A Microsoft/OSIsoft survey released in early 2012 ranked renewables integration (43%) as the second most important reason for implementing a smart grid, behind smart metering (71%).
A forthcoming report for Pike Research will show how microgrids are leading the world today in terms of revenues derived from smart grid renewables integration, but recent market activity has intensified in regards to the concept of a Virtual Power Plant, a smart grid optimization platform that still faces skepticism.
The company that first introduced the term to the world, Siemens, is taking the concept of a VPP to the next level in terms of actual market commercialization.
Given that Germany is phasing out nuclear power, the 23 megawatt (MW) “Regenerative Combined Power Plant” (RCPP) experiment carried enormous implications. A total of 36 wind, solar, biogas, CHP, and hydropower generators were operated as if a single power plant was supplying 24/7 power to the equivalent of 12,000 households. Project leader Dr. Kurt Rohrig of Kassel University was awarded the German Climate Protection Prize 2009 for his work on this cutting-edge renewable supply management experiment. While it generated the equivalent of only 1/10,000 of Germany’s total supply, this successful R&D venture has convinced academics and a partnership featuring Enercon GmbH (whose wind turbine provides a unique suite of grid services), SolarWorld AG (a major manufacturer), and Schmack Biogas AG that the entire country of Germany could be completely powered with a diverse blend of complementary renewable energy resources.
Doubters have pointed out that the RCPP project failed to account for grid congestion challenges that might frustrate this sort of VPP under real market conditions. That’s why Siemens’ recent announcement to work with German utility RWE Deutschland AG (RWE) to fully commercialize this VPP model is so important.
Siemens’ VPP commercial offering is based on is its Decentralized Energy Management System (DEMS), which is designed to enhance both wholesale and distributed generation operations according to pre-defined economic, environmental, or energy-related priorities. A variety of combinations of supply- and demand-side resources can be optimized, whether the generator is a large wind farm or an on-site biogas unit. DEMS was first deployed at a small Austrian paper and pulp mill in 2003.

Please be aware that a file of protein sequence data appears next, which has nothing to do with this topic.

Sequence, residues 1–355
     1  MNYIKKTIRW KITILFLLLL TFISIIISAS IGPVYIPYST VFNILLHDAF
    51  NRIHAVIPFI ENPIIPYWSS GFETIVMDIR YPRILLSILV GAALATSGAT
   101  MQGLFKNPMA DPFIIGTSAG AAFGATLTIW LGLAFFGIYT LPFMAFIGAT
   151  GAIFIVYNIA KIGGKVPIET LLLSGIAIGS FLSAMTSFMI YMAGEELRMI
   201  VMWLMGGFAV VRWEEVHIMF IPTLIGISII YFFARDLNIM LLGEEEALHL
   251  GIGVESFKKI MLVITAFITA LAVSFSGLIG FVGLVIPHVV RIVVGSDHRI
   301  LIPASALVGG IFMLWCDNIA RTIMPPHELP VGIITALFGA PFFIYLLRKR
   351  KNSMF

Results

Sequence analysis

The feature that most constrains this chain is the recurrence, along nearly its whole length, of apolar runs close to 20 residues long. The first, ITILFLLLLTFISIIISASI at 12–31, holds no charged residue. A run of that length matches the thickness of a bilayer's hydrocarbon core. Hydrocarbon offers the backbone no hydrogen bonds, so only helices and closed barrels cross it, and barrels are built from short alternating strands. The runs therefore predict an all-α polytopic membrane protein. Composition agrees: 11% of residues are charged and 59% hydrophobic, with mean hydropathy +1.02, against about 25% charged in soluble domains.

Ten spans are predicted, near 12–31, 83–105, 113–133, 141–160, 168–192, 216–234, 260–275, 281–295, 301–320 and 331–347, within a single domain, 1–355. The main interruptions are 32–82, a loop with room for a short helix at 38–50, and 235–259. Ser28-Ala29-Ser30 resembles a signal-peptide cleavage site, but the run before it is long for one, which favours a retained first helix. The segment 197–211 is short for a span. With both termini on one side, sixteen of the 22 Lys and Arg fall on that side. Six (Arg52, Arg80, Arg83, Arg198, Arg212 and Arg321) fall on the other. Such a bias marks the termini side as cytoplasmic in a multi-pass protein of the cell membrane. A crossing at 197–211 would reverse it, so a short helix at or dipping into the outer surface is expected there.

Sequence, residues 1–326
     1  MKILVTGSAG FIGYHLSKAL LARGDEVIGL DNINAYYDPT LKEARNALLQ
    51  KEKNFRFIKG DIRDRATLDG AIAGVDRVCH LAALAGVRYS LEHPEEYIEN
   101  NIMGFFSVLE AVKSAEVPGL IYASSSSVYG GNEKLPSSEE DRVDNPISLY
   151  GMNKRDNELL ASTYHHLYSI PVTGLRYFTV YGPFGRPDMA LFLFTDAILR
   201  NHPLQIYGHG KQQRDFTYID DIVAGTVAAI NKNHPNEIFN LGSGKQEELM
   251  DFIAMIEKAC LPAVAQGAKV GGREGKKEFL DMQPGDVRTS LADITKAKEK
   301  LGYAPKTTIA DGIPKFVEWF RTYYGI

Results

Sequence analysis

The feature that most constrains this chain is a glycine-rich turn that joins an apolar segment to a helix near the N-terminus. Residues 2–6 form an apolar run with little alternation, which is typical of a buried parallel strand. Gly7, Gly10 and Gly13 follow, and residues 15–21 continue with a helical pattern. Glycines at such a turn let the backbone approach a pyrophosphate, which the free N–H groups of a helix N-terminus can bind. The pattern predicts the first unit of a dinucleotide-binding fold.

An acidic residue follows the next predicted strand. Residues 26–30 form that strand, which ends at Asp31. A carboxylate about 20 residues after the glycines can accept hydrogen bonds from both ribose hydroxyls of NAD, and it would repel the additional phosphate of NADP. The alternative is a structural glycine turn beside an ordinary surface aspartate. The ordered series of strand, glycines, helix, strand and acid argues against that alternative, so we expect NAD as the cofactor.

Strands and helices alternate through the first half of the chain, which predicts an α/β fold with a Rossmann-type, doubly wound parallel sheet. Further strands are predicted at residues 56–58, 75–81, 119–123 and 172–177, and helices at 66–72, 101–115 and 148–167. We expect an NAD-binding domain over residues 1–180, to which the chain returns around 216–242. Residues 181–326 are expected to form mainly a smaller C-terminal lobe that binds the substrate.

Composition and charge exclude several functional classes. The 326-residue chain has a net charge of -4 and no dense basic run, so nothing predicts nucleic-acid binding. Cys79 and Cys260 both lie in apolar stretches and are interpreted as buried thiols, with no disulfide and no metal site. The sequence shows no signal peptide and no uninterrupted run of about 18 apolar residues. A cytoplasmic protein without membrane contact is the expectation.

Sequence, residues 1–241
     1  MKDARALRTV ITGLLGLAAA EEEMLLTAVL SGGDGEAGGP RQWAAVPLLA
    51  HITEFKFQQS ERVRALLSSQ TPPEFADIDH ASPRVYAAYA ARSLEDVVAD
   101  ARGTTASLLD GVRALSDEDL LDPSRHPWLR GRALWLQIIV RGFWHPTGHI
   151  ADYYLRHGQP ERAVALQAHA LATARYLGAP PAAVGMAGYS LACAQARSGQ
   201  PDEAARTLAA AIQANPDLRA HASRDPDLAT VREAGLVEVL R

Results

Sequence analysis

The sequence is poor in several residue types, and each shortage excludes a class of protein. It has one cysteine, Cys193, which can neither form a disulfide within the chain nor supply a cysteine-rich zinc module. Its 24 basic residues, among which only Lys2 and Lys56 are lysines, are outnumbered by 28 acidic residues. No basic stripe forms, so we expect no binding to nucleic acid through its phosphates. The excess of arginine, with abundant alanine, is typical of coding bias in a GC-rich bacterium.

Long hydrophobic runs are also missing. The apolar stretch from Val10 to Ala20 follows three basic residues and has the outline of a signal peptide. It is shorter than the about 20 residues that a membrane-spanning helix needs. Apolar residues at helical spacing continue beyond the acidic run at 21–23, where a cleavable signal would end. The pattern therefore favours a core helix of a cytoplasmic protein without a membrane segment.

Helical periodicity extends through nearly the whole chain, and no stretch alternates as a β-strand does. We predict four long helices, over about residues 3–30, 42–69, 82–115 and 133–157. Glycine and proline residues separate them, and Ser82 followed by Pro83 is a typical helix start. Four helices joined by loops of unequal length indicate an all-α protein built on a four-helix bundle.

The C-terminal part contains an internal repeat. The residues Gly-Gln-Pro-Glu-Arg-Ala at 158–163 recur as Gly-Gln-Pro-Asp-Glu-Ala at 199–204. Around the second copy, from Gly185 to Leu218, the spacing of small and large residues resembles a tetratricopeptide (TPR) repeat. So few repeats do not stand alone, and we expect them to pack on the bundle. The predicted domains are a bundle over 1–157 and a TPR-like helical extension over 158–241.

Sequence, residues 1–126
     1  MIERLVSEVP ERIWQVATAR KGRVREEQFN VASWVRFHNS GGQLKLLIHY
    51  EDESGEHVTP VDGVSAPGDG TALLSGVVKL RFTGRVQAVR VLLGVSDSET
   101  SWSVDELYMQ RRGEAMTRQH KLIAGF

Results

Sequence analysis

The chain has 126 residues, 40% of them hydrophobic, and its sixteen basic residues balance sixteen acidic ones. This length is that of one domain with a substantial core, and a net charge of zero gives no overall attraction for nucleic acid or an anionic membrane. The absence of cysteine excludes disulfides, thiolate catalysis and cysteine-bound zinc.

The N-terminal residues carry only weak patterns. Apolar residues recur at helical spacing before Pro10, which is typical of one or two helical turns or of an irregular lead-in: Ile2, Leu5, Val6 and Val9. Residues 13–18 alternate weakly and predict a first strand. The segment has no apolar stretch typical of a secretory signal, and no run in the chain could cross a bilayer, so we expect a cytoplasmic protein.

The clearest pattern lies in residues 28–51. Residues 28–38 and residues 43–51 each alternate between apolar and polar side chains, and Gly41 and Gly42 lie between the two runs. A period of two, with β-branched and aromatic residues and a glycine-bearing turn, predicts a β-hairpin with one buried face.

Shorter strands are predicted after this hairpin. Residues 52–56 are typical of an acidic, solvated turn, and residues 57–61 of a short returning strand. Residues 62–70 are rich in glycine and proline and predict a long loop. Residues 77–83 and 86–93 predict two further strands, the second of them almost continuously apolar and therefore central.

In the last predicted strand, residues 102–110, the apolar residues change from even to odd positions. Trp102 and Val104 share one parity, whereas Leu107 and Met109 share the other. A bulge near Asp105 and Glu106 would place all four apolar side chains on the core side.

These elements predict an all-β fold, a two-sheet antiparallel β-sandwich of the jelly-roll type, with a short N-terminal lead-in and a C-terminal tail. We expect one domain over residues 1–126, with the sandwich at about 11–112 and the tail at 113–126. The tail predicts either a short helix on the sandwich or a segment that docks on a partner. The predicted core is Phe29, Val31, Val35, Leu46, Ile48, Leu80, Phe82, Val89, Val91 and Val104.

Siemens was one of the first private companies to explore the concept of VPPs, playing a key role in providing the management system for another pioneering effort in Germany. Since October 2008, this project has aggregated the capacity of nine different hydroelectric plants ranging in size from 150 kW up to 1.1 MW, with a total VPP capacity of 8.6 MW. The VPP framework opened up new power marketing channels for these facilities that would not have been viable if these distributed energy resources (DER) were still operating as standalone systems.
Operated by RWE from a centralized control room based in Dortmund, the Siemens/RWE project will grow to 20 MW this year by adding combined heat & power (CHP) units and emergency back-up power systems to the existing hydro portfolio. It will be expanded to 200 MW by 2015 by further integrating biomass, biogas and wind resources into the network, making this an official commercial offering in Germany, where recent market changes have created fertile ground for VPPs.
Since February of this year, power from this VPP has been sold at the Energy Exchange (EEX) in Leipzig, Germany under new amendment terms of the Renewable Energy Sources Act. This is the first direct marketing of renewable power under this new program. Given the proposed reductions in Feed-In Tariff (FIT) rates, the EEX is being viewed as a key new innovation to help optimize growing renewable energy resources in Germany.
Tags: Digital Utility Strategies, Distributed Renewables, Smart Energy Practice, Transmission & Distribution, Virtual Power Plants
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